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Telomerase Activity as a Marker For Mobilization Quality

The safety and scientific validity of this study is the responsibility of the study sponsor and investigators. Listing a study does not mean it has been evaluated by the U.S. Federal Government. Read our disclaimer for details. Identifier: NCT01555359
Recruitment Status : Unknown
Verified January 2012 by Rabin Medical Center.
Recruitment status was:  Recruiting
First Posted : March 15, 2012
Last Update Posted : March 15, 2012
Information provided by (Responsible Party):
Rabin Medical Center

Brief Summary:

Autologous hematopoietic cell transplantation (HCT) is a treatment strategy used as advanced line therapy for different malignancies, mainly hematological. Its main advantage lies in the ability to provide hematologic and immune rescue after high dose chemotherapy therapy. The first requirement of a successful transplantation is recruitment of sufficient amount of cells. This is achieved by mobilizing CD34+ stem cells from the bone marrow to the peripheral blood, by G-CSF priming, and then harvesting the cells from the peripheral blood at the right timing by means of apheresis. Currently, the decision on the optimal collection timing is based on the pre-collection CD34 cells blood concentrations.

The investigators goal is to investigate whether telomerase, the telomere elongation enzyme, which constitutionally and solely expressed in progenitor cells, is correlated with collection and post HCT engraftment characteristics.

The investigators will collect blood from patients when starting GCSF and on the day of planned apheresis. Pearson correlation test will be used to correlate between telomerase activity in the samples and with collection and engraftment characteristics.

Condition or disease
Lymphoma Multiple Myeloma

Detailed Description:

Autologous hematopoietic cell transplantation (HCT) has revolutionized the curative approach to a number of malignancies by providing hematopoietic and immune rescue after high dose cytoreductive therapy. In cases of residual disease, patients are usually treated with chemotherapy to repress the disease, thereafter G-CSF injections are given serially to encourage stem cell proliferation in the bone marrow and mobilization of the stem/progenitor cells to the peripheral blood. Another approach, usually utilizes in myeloma patients is the administration of G-CSF in steady state (without administration of chemotherapy) and consequently collection of the CD34+ cells.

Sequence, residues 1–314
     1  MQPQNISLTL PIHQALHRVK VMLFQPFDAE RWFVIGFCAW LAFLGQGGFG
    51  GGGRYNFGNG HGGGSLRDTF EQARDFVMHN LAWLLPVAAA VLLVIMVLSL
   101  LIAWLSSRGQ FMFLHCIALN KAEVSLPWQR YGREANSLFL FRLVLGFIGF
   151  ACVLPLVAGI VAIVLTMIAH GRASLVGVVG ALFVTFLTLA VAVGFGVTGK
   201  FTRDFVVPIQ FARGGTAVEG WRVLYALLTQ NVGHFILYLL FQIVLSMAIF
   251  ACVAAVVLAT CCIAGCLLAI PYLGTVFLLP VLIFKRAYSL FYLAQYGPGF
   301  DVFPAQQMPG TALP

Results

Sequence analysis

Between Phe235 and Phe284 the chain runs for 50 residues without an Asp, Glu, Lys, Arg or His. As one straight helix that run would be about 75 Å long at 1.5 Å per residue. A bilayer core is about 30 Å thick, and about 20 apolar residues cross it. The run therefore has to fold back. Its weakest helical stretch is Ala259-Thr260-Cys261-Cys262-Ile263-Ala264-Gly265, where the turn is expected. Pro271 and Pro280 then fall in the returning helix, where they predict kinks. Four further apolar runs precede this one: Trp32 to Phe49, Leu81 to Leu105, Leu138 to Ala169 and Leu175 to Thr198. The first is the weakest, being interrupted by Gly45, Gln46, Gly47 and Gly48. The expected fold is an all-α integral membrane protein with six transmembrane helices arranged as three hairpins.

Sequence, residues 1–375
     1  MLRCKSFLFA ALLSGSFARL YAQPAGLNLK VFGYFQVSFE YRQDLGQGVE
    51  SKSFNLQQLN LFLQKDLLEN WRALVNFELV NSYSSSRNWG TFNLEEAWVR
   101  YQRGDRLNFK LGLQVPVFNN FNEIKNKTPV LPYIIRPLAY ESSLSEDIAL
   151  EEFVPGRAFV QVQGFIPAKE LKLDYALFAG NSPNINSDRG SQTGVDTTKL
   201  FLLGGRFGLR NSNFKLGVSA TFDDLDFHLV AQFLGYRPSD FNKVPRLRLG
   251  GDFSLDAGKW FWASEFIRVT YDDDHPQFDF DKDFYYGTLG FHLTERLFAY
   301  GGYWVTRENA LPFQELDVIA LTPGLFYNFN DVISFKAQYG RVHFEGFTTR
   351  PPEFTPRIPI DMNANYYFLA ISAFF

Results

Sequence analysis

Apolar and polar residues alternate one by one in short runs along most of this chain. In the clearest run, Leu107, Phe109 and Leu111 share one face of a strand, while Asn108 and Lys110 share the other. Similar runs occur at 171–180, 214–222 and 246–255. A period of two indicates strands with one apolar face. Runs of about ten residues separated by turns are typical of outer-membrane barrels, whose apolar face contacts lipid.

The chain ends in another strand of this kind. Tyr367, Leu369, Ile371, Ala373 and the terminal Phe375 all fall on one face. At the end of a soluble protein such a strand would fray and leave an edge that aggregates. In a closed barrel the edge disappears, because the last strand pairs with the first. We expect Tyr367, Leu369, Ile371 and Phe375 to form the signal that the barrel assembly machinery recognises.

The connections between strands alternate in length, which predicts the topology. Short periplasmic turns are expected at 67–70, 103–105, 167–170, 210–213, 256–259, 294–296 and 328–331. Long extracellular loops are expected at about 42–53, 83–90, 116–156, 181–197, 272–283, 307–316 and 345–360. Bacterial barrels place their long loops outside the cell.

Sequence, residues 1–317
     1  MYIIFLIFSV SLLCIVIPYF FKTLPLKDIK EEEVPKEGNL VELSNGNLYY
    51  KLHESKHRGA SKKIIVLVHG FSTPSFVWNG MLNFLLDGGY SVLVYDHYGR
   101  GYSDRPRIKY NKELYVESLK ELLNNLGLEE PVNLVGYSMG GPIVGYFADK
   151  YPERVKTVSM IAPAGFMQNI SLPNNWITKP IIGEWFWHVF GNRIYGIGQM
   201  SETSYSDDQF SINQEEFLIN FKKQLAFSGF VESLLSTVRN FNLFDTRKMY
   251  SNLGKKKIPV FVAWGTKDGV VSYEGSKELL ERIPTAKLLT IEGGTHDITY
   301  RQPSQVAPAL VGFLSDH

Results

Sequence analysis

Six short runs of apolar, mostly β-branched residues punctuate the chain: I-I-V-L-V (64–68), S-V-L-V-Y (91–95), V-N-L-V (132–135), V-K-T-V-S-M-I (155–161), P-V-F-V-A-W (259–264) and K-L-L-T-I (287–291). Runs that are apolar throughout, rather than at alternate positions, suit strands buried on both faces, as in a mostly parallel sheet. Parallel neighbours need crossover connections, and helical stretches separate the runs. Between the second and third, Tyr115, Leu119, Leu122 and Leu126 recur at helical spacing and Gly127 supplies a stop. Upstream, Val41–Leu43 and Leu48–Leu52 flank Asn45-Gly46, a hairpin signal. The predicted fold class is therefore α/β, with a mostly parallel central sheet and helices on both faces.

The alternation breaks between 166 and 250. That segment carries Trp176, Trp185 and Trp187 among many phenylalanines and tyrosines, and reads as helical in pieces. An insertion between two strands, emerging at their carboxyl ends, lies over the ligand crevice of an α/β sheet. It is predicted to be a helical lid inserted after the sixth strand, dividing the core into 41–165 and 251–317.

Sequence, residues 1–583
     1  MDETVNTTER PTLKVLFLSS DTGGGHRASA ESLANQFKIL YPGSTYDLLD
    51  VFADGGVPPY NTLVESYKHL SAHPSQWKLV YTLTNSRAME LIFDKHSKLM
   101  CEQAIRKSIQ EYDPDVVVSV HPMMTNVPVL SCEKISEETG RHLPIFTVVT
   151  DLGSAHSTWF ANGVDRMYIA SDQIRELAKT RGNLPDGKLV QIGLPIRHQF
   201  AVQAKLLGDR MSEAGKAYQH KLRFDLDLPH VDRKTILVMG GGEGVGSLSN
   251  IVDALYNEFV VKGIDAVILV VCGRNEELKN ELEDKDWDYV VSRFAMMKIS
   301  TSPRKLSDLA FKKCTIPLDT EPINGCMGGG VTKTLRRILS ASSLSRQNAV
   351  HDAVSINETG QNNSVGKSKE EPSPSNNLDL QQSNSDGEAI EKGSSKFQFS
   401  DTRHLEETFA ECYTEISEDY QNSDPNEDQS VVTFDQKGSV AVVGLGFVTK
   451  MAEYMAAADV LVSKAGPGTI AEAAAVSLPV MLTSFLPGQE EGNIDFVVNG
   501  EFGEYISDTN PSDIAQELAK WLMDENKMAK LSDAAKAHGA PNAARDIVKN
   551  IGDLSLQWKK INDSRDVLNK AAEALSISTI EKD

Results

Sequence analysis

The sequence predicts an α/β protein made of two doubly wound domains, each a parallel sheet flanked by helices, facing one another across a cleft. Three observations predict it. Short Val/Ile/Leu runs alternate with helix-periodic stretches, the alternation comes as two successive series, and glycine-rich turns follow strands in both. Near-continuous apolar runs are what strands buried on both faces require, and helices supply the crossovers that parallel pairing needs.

The minimum number of CD34+ cells threshold requires for HCT is currently defined as 2 x 10^6/kg. However, the optimal dose in terms of engraftment may be even higher (>5x10^6/kg), especially when platelet recovery is considered.

In clinical practice, the right timing for collection is decided upon measurement of CD34, a membrane glycoprotein of progenitors and stem-cells. CD34 levels are measured in the expected maximal effect of the G-CSF priming, and accordingly the collection is scheduled. Practically, if the circulating CD34+cell count is ≥20/μL, 90% of collections performed the following day would be expected to yield ≥2.0x106 CD34+cells/kg (Gordon, BMT 1997). However, in cases higher doses of CD34+ cells are required (e.g. for tandem HCT), CD34+ threshold may not be sufficient to determined collection yield.

G-CSF based mobilization regimens have a 5-30% failure rate amongst patients, however in patients with risk factors, up to 60% of the patients are failed to mobilize. Poor mobilization has significant consequences for the patient with potential loss of transplantation as a treatment option. Repeated attempts at mobilization increase resource utilization, morbidity and patient inconvenience. Therefore attempts to identify patients who would mobilize poorly are of clinical significance.

Human telomerase, a unique ribonucleoprotein complex, is inactive in normal somatic cells but present in high levels in more than 90% of all malignancies. The enzyme, synthesize new telomeric repeats at the 3' ends of chromosomes.